More particularly, in its process aspect, the present invention is directed a process for treating an optical fiber that involves cooling the fiber at a controlled slow rate to temperatures typically of -300 Fahrenheit or lower, keeping the fiber at such temperature until its optical transmission properties have stabilized, and then allowing the fiber to return to room temperature, also at a controlled slow rate. It is expected to be advantageous to transmit optical pulses of the wavelength and repetition rate to be used in practice during at least part of each of the cooling, stabilizing, and heating periods of the process to optimize the rearrangement of the molecules of the fiber during such periods. Advantageously, the cooling should occur at a rate of between about one or two degrees per minute and the subsequent heating at about the same rate. It is expected that the optimum cooling and heating rates will to some extent be dependent on the particulars of the fiber being treated. The length of time the fiber should be maintained at -300 Fahrenheit or lower will also be dependent on the particulars of the fiber. It is expected that such time will be at least one or two hours. It is also expected that both the optimum rate of cooling and the optimum rate of heating may vary over a complete cycle. As a feature of the preferred embodiment of the process aspect of the invention, the heating of the fiber is at least in part accomplished by transmitting axially along the fiber light pulses of both the optical frequency and repetition rate of the light to be transmitted when the fiber is in commercial use. Moreover, a related feature of the process aspect of the invention involves measuring continuously the transmission properties of the fiber as it is being treated and using the results of such measurements to control the rate of cooling and of heating to optimize the transmission properties. Generally the properties of an optical fiber of particular importance for its use as a wave guide are the attenuation loss and the phase dispersion experienced by the light pulses as they are transmitted along the fiber. The lower the attenuation and the less the phase dispersion the longer the light pulses may be transmitted reliably without the need for being repeated.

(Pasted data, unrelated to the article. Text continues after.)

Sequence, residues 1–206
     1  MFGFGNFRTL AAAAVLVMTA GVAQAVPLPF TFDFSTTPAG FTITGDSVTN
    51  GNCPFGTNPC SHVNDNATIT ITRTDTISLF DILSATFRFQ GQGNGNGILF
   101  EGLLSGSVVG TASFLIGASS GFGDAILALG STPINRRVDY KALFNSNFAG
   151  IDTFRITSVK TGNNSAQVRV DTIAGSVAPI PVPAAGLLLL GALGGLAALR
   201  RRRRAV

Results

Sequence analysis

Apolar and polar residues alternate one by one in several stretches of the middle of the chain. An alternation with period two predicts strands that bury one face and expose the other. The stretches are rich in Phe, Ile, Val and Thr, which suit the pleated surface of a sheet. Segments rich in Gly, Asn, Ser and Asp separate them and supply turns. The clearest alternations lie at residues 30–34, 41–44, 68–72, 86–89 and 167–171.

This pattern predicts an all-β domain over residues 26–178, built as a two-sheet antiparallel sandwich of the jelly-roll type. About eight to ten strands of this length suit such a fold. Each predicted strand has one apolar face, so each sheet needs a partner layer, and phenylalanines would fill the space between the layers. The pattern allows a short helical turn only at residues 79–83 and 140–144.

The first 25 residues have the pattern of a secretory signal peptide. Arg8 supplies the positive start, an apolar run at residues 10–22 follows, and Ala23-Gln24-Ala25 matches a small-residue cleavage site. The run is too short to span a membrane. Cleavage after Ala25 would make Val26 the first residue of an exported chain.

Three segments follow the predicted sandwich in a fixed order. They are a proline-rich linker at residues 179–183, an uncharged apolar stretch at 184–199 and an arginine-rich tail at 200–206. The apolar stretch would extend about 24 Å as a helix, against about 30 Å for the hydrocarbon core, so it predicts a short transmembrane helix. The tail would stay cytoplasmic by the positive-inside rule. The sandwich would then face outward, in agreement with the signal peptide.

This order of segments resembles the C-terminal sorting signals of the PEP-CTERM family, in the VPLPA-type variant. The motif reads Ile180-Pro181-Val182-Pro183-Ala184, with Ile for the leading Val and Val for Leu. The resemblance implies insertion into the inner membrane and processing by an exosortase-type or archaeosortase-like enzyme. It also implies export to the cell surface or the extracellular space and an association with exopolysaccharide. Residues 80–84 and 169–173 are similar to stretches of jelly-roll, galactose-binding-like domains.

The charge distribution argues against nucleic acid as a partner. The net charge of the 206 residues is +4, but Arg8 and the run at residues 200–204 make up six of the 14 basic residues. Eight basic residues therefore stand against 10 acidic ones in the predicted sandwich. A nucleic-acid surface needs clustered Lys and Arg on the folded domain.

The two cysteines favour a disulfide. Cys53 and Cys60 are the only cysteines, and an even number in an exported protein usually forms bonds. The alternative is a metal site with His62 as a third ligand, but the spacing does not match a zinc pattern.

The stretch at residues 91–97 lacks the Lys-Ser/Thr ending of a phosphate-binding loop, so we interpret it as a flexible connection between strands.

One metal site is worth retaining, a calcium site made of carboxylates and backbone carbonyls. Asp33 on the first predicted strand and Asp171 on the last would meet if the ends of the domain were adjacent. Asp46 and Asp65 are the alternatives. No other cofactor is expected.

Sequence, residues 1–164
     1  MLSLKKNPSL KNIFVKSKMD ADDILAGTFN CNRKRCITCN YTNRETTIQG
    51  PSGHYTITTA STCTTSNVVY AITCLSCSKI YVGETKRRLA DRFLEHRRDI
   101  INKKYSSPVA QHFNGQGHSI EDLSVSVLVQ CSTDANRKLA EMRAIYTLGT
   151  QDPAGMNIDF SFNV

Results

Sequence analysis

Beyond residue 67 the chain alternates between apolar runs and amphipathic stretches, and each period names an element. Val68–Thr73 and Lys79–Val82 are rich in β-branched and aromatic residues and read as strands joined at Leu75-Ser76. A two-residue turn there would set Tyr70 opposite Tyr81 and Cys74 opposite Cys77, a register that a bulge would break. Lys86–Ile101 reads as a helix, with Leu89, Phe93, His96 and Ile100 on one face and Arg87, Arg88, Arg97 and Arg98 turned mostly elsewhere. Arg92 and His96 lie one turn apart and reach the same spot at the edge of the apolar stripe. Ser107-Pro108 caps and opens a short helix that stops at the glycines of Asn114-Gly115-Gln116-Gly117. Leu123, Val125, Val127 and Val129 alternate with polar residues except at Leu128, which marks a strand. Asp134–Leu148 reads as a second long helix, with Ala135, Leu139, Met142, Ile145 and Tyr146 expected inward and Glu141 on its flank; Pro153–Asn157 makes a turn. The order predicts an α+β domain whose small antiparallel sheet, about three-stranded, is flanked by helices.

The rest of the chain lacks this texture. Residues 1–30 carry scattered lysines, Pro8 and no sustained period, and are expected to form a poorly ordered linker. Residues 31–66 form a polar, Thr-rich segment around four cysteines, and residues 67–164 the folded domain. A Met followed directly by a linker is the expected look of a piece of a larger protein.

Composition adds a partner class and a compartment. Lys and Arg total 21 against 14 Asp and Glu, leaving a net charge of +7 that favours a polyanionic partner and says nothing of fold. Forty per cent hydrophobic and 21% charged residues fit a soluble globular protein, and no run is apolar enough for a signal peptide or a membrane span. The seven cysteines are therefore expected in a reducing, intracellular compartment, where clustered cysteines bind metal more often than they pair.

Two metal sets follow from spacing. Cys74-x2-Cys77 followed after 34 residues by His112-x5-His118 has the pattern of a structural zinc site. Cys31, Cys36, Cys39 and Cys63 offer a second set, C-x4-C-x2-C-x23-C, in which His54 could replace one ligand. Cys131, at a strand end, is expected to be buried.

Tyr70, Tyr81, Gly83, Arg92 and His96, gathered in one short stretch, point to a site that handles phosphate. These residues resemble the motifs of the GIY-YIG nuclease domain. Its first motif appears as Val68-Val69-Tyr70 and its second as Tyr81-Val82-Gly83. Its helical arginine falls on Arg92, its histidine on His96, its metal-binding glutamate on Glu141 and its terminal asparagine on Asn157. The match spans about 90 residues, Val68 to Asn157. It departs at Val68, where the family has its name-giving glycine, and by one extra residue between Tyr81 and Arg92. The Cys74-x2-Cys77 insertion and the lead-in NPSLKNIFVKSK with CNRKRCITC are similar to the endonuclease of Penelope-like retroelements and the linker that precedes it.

Generally the transmission properties of an optical fiber are better, the more uniform its dielectric constant and its refractive index.

From the process aspect, the present invention is directed to a a process for improving the transmission properties of an optical fiber. The process comprises the steps of gradually cooling the fiber to a temperature of 300 F. or lower; maintaining such fiber at such temperature for a period of time sufficient to stabilize the optical transmission properties; and then gradually heating the fiber back to room temperature.